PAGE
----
Charles Augustus Steen (December 1, 1919 – January 1, 2006) was a geologist who made and lost a fortune after discovering a rich uranium deposit in Utah during the uranium boom of the early 1950s.
Charles Augustus (Charlie) Steen’s discovery of pitchblende in the Chinle formation in southeastern Utah’s Big Indian District changed the course of the U.S. uranium industry by proving that large, high-grade uraninite ore deposits could be found on the Colorado Plateau. Charlie Steen’s discovery helped ignite the 1950s uranium boom and made the impoverished prospector-geologist a wealthy and world-famous figure.
In 1943, Charlie Steen graduated from the Texas College of Mines and Metallurgy at El Paso. He worked as a petroleum geologist in Bolivia and Peru before he began his determined search for uranium in 1949. Together with his wife, M.L., and four young sons, Charlie endured years of privation and hardship while he prospected the remote and desolate canyons and mesas of the Colorado Plateau. Charlie’s four-year quest for uranium was not an erratic wandering but was based on his original geologic theory that uranium would be found concentrated along the flanks of anticlinal structures.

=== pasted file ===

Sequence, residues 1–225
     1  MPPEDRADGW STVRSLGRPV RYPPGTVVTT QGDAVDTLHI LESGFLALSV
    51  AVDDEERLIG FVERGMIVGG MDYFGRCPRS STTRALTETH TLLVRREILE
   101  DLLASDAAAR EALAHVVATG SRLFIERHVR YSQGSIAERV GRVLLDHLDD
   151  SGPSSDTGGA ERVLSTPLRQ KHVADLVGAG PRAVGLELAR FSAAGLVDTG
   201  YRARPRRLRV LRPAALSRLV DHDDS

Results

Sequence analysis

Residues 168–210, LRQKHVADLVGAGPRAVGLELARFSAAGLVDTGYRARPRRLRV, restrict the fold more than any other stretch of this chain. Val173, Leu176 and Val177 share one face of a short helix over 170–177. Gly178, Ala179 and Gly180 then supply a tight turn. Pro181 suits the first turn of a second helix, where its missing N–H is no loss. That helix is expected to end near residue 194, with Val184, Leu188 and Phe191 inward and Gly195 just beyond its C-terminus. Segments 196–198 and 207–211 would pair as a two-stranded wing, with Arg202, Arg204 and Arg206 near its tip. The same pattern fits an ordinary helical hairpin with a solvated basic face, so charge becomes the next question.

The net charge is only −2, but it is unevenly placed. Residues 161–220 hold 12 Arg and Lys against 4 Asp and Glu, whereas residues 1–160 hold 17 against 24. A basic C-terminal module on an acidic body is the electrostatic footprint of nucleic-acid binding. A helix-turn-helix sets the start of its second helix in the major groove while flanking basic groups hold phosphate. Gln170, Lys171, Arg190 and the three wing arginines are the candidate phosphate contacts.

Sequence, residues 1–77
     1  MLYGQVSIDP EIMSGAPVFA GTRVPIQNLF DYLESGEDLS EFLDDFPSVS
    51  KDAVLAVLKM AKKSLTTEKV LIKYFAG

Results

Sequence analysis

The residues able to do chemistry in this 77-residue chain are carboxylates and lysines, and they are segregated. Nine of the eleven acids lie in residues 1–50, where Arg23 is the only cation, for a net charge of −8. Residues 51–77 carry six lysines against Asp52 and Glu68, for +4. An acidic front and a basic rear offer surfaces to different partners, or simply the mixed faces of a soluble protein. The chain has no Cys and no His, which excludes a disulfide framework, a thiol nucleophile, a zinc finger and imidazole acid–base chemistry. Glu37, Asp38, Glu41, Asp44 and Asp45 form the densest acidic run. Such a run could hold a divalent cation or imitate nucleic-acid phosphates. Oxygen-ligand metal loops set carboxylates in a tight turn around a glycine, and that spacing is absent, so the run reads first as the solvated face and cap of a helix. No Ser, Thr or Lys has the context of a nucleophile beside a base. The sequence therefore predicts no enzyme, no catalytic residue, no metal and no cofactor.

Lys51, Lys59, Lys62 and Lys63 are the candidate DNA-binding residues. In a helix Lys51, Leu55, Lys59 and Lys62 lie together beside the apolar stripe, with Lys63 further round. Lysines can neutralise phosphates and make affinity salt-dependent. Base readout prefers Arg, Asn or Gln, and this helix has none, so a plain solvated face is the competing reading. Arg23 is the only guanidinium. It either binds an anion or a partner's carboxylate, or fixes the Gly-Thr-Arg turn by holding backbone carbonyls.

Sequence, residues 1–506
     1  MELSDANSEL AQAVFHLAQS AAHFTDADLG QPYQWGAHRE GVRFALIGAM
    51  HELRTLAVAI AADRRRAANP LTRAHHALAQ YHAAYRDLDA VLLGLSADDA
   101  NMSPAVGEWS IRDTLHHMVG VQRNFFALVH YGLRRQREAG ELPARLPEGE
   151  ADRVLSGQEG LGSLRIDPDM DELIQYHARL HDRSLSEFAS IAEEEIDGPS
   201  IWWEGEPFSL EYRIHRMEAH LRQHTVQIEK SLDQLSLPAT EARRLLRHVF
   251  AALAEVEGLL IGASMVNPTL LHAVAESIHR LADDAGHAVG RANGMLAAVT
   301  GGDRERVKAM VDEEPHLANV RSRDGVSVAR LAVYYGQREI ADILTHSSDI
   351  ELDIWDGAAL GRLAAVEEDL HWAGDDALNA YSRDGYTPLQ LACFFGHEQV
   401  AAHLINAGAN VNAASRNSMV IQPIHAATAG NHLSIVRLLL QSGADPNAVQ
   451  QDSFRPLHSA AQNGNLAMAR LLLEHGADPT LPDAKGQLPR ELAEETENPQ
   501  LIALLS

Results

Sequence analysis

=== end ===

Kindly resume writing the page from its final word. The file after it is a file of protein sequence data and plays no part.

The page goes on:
In 1951, Charlie Steen was drawn to the Lisbon Valley anticline, where low-grade uranium occurrences in the Cutler formation attracted his attention. Although the area had been condemned as uneconomic by government experts, Charlie figured the better grade uranium would be encountered down-dip and further back from the meager rim outcrops. During the spring of 1951, he staked twelve claims covering this ground.
After raising a grubstake and obtaining a dilapidated, second-hand drilling rig from Bill McCormick, Charlie Steen had a four-mile road built into his property, and in July 1952, started drilling on his Mi Vida claim. At a depth of 70 feet, the drill cored through 14 feet of a dark-colored sandstone unit in the Chinle Formation that proved to be the first commercial discovery of uraninite ore in the United States. After staking more claims, Charlie sank a shaft near his discovery drill hole and mined the first of more than 10 million tons of uranium ore, worth more than $1 billion, produced from the Big Indian District during the next 30 years.
Charlie Steen’s rags-to-riches saga caught the imagination of the press and public, and he became famous as the country’s Uranium King. In 1953, Charlie and Bill McCormick bought the Big Buck claims for $2 million and formed the Standard Uranium Corp. to exploit the ore body adjacent to the Mi Vida Mine. In 1955, Charlie and Bill formed the Uranium Reduction Company and built the first privately financed uranium mill in the United States. Charlie sold the Mi Vida Mine and his interest in the Uranium Reduction Company to the Atlas Corporation in 1962.
Charlie Steen’s venturesome nature and a series of bad investments cost him most of his fortune, and a serious head injury curtailed his prospecting career. In 1992, the town of Moab, Utah, honored Charlie and M.L. Steen with a celebration to mark the fortieth anniversary of Charlie’s discovery and to recognize their many contributions to the Moab area.